United States District Court, N.D. Illinois
August 12, 2004.
The opinion of the court was delivered by: PHILIP REINHARD, District Judge
MEMORANDUM OPINION AND ORDER
Petitioner, Curtis Sullivan, a state prisoner, filed this
action pursuant to 28 U.S.C. § 2254, seeking to challenge his
state convictions for aggravated battery with a firearm and
aggravated discharge of a firearm. The State filed a motion to
dismiss predicated on the one-year statute of limitations
contained in 28 U.S.C. § 2254(d). Petitioner has filed a response
to the motion to dismiss.
Section 2254(d) provides, in pertinent part, that a one-year
limitation period shall apply to a petition for writ of habeas
corpus. The limitation period shall run from the latest of
certain circumstances, including the one applicable here: the
date on which the judgment became final by the conclusion of
direct review or the expiration of the time for seeking such
review. 28 U.S.C. § 2254(d)(1)(A). This date is extended 90 days,
which is the time a prisoner has following the conclusion of his
direct appeal in the state court system to file a petition for
writ of certiorari with the United States Supreme Court.
Anderson v. Litscher, 281 F.3d 672, 674-75 (7th Cir. 2002).
In this case, petitioner's direct review of his state-court
conviction concluded on August 29, 2000, a date calculated by
adding the 90-day extension for filing a petition for writ of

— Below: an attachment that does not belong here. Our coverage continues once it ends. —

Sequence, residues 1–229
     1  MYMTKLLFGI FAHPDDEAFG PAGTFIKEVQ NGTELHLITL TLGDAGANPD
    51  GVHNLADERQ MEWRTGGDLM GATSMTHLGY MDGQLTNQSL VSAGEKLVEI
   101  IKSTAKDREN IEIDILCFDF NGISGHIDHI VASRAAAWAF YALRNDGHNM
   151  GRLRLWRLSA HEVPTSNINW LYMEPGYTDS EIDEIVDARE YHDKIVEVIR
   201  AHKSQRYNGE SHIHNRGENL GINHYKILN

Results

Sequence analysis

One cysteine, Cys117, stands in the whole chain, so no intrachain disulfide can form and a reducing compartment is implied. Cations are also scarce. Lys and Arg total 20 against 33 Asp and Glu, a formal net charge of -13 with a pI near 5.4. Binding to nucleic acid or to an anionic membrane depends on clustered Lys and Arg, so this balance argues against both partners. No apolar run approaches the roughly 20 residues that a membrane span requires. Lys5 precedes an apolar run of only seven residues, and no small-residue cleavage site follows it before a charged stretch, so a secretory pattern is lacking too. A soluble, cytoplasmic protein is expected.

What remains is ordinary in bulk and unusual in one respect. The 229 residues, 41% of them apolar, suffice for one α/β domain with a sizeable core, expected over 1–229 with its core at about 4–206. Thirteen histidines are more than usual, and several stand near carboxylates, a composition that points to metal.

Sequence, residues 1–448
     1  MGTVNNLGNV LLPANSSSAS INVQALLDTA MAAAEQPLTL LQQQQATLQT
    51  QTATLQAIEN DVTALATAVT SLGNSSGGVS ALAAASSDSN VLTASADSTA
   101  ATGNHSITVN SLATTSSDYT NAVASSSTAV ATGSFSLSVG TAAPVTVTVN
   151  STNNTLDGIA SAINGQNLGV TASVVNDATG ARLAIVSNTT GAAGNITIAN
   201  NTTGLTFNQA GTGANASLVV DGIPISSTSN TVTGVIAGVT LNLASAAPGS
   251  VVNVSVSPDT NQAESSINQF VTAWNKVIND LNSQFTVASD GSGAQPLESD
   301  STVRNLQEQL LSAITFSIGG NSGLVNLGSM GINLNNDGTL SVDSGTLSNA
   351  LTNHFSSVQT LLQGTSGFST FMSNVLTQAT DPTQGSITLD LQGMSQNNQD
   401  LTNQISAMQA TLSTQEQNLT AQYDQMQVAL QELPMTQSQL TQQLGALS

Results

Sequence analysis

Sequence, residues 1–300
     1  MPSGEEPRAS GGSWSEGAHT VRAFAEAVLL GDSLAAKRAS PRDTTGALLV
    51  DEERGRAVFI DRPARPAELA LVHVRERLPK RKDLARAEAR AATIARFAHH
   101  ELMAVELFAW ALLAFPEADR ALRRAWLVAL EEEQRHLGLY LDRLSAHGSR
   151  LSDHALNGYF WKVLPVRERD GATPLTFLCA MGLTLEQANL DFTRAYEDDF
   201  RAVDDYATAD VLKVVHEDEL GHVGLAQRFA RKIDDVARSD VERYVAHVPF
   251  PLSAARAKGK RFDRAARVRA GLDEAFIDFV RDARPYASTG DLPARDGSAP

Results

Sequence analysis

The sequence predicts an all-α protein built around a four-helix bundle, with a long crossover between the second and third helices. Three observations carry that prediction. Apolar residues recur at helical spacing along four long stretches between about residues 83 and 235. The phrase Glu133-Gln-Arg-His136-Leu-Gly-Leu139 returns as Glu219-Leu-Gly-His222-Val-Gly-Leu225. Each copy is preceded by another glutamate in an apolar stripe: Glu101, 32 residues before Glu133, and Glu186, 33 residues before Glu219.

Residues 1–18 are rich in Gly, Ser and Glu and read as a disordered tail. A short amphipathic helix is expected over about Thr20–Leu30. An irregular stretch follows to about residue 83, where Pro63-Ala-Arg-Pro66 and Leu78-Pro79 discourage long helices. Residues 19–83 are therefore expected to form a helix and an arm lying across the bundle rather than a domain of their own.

certiorari (petitioner did not file such a petition). Ninety days
later, on November 27, 2000, petitioner filed a state
post-conviction petition. Thus, the statute of limitations was
not tolled during the 89-day interim.
Petitioner's state post-conviction proceedings concluded on May
30, 2002, when the Illinois Supreme Court denied his petition for
leave to appeal. Petitioner did not file a petition for writ of
certiorari, and the time period was not tolled for an additional
90 days. See Gutierrez v. Schomig, 233 F.3d 490, 491-92
(7th Cir. 2000). Therefore, as of May 30, 2002, petitioner
had 276 days in which to file a petition pursuant to § 2254.
Instead, petitioner filed a state habeas corpus petition on
July 17, 2002. The interim between May 30, 2002, and July 17,
2002, cost petitioner another 47 days, leaving him with 229 days
in which to file a petition under § 2254.
Even assuming the petition for state habeas relief tolled the
one-year statute of limitation (see Young v. Roth, No. 97 C
3103, 1998 WL 851502, *2 (N.D. Ill. Dec. 3, 1998)), those
proceedings concluded on June 4, 2003, when the Illinois Supreme
Court denied petitioner's petition for leave to appeal. There is
no authority to suggest that the 90-day extension for filing a
petition for writ of certiorari would apply as this was not a
direct appeal proceeding and Gutierrez would support its
non-applicability. That left petitioner with 229 days from June
4, 2003, or until January 20, 2004 (the 229th day, January
19, 2004, fell on a holiday) to file his petition under § 2254.
He filed it on February 19, 2004 (that is the earlier of two
dates, the one asserted by the State as the filing date and the
February 20, 2004, date stamped on the envelope used to mail his
petition to the clerk's office). The petition having been filed
beyond the one-year limitations period, the court dismisses this
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